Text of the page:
The Navy put off a decision yesterday on awarding contracts for a new group of nuclear-powered attack submarines, a move that could allow General Dynamics Corp. to compete for the work despite its suspension Tuesday from receiving new government contracts.
The postponement, made yesterday by Assistant Secretary Everett Pyatt and confirmed by Secretary John F. Lehman Jr., was justified on grounds that the Navy "cannot afford to have the construction of attack submarines become a sole-source program."
The move illustrates the Pentagon's difficulty in barring a major defense contractor from military work for an extended period. Even a suspended company can be granted a national-security exemption to build a weapon that no one else can make, although that provision has not been invoked in this case.
Only two companies can produce the Los Angeles-class vessels: General Dynamics' Electric Boat division and the Newport News Shipbuilding & Dry Dock Co.
According to a knowledgeable Navy official who asked not to be identified, Pyatt decided to maintain General Dynamics' chances to bid on the next group of four attack submarines by extending "indefinitely" a deadline Friday for submission of "best and final offers."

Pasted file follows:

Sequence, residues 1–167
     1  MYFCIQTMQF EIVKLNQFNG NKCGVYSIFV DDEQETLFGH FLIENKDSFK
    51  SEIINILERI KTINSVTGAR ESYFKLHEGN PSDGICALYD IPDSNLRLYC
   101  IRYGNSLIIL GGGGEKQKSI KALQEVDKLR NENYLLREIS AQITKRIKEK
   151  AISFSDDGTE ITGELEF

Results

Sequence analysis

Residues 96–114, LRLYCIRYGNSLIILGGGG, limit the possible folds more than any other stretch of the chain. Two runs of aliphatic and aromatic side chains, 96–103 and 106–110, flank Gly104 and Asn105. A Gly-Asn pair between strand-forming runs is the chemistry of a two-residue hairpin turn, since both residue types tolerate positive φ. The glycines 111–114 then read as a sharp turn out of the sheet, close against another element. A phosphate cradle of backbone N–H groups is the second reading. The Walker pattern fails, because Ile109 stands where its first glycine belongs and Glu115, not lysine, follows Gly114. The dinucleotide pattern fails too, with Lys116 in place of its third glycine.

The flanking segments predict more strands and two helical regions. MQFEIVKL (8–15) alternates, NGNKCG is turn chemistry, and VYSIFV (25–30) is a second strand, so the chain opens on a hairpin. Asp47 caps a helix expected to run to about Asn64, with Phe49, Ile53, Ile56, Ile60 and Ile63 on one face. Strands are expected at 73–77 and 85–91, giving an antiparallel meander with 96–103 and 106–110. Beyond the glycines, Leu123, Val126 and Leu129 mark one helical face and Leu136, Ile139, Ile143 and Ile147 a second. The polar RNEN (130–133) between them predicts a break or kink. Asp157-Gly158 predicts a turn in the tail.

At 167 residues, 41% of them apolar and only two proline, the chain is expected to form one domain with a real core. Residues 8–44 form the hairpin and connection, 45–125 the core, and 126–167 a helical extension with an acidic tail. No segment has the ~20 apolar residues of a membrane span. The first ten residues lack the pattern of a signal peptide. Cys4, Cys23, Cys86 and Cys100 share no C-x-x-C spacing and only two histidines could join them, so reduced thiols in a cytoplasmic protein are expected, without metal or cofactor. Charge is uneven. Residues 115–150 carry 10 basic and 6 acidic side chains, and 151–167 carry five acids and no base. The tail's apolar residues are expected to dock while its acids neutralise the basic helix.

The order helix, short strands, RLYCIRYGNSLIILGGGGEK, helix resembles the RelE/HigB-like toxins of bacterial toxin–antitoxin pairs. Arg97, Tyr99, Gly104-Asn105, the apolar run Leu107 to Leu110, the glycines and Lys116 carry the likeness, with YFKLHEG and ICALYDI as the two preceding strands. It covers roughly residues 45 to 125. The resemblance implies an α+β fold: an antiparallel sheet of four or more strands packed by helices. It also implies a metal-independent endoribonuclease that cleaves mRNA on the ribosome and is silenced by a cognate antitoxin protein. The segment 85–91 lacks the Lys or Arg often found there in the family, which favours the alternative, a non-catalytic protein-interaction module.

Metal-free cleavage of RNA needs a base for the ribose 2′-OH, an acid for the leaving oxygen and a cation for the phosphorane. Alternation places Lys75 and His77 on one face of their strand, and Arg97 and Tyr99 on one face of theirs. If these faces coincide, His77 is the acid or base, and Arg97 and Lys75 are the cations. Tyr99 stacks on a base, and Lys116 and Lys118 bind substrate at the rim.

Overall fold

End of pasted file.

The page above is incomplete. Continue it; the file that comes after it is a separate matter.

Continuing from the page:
"Obviously if the suspension goes for an extended period, the situation might change," the official said. "But the problem we're faced with is, if we don't extend the deadline, we're facing a sole-source bid. We consider this competition to be very healthy."
Lehman, in a prepared statement, adamantly denied the action was designed "to protect General Dynamics."
"This is an action to protect the public interest; that is, competition and therefore lower prices in shipbuilding. It would be foolish of us to award a sole-source contract just to spite another contractor," he said.
General Dynamics, the nation's third largest defense contractor, was suspended from receiving new government contracts Tuesday, a day after the company and four of its current or former executives were indicted on fraud charges.
The allegations involve mischarging cost overruns in producing prototypes of the Army's Divad antiaircraft gun. The company has denied wrongdoing.
The suspension could last until the Divad case is resolved, but General Dynamics has 30 days to try to persuade the Navy to lift the freeze. A previous ban on new Navy contracts for General Dynamics was lifted last summer after 12 weeks.
Because of Pyatt's decision, the St. Louis-based defense giant may still have an opportunity to bid for the new submarines. General Dynamics, which received $6 billion in military contracts in 1984, has been awarded orders for three attack submarines in the last two years. Newport News has received four.
"We don't want another Trident situation," the Navy official said, referring to the fact that General Dynamics is the only source of Trident ballistic missile submarines.
" . . . There's some breathing room here for people to look at the facts and see what General Dynamics comes back with during the 30-day period," the official said.